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Bank of England sits tight on policy as recovery builds

A plaque depicting Britannia is seen on the outside of the Bank of England in the City of London February 4, 2010. REUTERS/Toby Melville
A plaque depicting Britannia is seen on the outside of the Bank of England in the City of London February 4, 2010. REUTERS/Toby Melville

LONDON (Reuters) - The Bank of England left policy unchanged on Thursday, sticking to its commitment to keep interest rates at rock-bottom until the country's recovery is more firmly established.

The central bank has kept rates at a record-low 0.5 percent since March 2009 to shore up an economy battered by the financial crisis and a heavy overhang of debt.

Britain has enjoyed a surprisingly strong recovery since the start of the year, overtaking its euro zone peers to become one of the fastest growing G7 economies.

But Mark Carney, the Canadian who took the helm of the bank in July, has made clear that he does not want to jeopardize growth by tightening policy too early.

In August, the Bank of England said it would not think about raising rates until Britain's unemployment rate falls to 7 percent, something it predicted would not happen until well into 2016.

Given the speed of Britain's recent recovery, many investors are betting unemployment will fall much more quickly and they expect the BoE to tweak its projections when it publishes new forecasts next week.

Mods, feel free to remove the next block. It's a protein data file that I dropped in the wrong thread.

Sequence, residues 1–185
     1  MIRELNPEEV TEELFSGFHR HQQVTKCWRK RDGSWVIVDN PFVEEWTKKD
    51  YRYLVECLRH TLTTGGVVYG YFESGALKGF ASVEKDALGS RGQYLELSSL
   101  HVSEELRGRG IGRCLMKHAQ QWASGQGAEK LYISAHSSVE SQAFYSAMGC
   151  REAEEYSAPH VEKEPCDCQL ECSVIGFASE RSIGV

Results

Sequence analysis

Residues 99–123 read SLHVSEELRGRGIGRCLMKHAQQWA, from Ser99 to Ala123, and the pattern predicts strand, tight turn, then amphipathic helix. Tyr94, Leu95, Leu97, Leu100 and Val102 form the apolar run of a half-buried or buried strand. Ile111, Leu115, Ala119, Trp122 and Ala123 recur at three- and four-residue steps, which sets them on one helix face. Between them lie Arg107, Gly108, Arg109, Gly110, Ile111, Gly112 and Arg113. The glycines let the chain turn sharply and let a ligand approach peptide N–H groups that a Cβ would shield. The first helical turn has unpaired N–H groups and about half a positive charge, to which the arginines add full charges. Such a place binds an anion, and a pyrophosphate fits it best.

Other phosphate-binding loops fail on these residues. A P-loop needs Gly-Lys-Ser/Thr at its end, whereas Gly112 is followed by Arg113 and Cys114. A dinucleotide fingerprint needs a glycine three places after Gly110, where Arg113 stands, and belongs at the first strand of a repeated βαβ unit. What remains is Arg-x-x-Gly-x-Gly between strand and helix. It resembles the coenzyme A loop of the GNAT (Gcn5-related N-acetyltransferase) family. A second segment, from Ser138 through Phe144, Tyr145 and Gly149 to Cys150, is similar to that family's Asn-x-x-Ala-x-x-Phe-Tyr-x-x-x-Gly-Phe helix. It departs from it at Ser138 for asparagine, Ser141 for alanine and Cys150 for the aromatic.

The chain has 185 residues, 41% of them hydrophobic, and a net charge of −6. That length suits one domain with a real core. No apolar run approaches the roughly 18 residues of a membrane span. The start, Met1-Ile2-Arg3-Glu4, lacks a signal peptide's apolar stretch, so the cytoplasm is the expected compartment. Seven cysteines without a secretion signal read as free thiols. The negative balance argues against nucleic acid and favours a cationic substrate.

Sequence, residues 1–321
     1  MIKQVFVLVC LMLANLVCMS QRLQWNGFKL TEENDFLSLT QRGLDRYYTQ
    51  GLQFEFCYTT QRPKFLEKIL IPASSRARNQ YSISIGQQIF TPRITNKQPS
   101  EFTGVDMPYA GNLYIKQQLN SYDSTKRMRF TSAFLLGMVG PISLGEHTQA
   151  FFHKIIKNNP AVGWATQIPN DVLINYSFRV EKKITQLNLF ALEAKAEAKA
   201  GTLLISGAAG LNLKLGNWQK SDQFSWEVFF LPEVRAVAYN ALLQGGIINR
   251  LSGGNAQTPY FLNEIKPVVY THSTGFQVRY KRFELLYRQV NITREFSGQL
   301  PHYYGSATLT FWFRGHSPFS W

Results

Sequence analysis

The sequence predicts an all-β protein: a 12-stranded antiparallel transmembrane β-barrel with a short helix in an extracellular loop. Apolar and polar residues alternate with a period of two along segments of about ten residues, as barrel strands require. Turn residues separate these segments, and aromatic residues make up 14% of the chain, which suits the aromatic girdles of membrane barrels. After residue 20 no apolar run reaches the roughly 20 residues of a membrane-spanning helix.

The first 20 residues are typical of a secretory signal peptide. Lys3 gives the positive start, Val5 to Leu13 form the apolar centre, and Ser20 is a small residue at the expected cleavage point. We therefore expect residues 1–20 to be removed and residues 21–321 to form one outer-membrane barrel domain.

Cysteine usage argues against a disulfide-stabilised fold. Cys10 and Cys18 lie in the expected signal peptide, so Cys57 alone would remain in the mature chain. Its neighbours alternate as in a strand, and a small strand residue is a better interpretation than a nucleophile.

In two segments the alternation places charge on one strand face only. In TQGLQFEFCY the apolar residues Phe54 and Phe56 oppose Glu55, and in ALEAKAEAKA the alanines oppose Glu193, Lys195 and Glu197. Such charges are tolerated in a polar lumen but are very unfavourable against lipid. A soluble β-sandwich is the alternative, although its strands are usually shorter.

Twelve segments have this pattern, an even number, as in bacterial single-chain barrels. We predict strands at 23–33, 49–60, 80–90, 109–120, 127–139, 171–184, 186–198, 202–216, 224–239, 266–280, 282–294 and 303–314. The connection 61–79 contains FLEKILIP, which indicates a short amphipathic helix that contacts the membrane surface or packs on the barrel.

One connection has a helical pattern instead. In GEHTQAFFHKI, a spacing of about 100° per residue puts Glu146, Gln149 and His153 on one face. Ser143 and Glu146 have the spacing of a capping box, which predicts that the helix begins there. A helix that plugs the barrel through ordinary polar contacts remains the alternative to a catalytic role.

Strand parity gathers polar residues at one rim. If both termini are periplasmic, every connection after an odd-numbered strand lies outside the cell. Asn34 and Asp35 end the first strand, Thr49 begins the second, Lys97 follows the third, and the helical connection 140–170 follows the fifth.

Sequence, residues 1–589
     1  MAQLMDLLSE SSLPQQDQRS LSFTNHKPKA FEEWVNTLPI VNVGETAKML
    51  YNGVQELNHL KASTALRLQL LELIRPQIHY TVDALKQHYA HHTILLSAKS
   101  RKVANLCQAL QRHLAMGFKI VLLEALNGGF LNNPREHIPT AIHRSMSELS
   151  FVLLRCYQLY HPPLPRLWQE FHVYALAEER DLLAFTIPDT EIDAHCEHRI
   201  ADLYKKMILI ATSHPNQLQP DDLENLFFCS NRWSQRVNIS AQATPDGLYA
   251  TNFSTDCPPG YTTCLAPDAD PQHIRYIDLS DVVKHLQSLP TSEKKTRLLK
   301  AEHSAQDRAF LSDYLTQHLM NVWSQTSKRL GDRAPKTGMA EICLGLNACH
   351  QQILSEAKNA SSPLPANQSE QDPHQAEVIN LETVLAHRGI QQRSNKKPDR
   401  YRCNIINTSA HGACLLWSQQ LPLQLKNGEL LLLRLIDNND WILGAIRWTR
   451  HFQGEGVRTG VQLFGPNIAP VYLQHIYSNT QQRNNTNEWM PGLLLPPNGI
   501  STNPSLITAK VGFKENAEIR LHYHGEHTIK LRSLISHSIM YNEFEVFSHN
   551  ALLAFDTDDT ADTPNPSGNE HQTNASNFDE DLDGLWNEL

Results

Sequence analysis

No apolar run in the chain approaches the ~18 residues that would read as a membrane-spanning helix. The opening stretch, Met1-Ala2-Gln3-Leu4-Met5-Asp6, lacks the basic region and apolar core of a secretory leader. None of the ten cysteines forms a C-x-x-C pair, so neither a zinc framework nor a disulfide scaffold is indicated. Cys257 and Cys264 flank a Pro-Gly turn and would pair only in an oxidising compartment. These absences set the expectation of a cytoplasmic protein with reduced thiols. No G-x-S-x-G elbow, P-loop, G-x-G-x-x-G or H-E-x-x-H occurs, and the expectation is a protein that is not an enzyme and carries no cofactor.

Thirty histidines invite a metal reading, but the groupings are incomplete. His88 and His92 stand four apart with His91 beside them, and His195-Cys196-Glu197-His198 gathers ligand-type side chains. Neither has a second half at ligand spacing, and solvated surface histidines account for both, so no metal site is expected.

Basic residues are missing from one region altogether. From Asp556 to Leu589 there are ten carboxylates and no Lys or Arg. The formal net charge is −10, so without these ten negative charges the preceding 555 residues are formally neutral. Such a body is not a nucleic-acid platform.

As the economy has picked up speed, calls for more stimulus from a minority of the BoE's policymakers have faded away.

The Bank's Monetary Policy Committee opted on Thursday to leave its bond-buying program unchanged at 375 billion pounds ($603 billion), as expected by all the economists who took part in a Reuters poll.

Inflation in Britain is running above the central bank's 2 percent target - in contrast to the euro zone where price growth has slowed to just 0.7 percent. Some of the more hawkish BoE policymakers may be concerned about a recent jump in inflation expectations in Britain.

($1 = 0.6219 British pounds)

(Reporting by Christina Fincher; Editing by Hugh Lawson)

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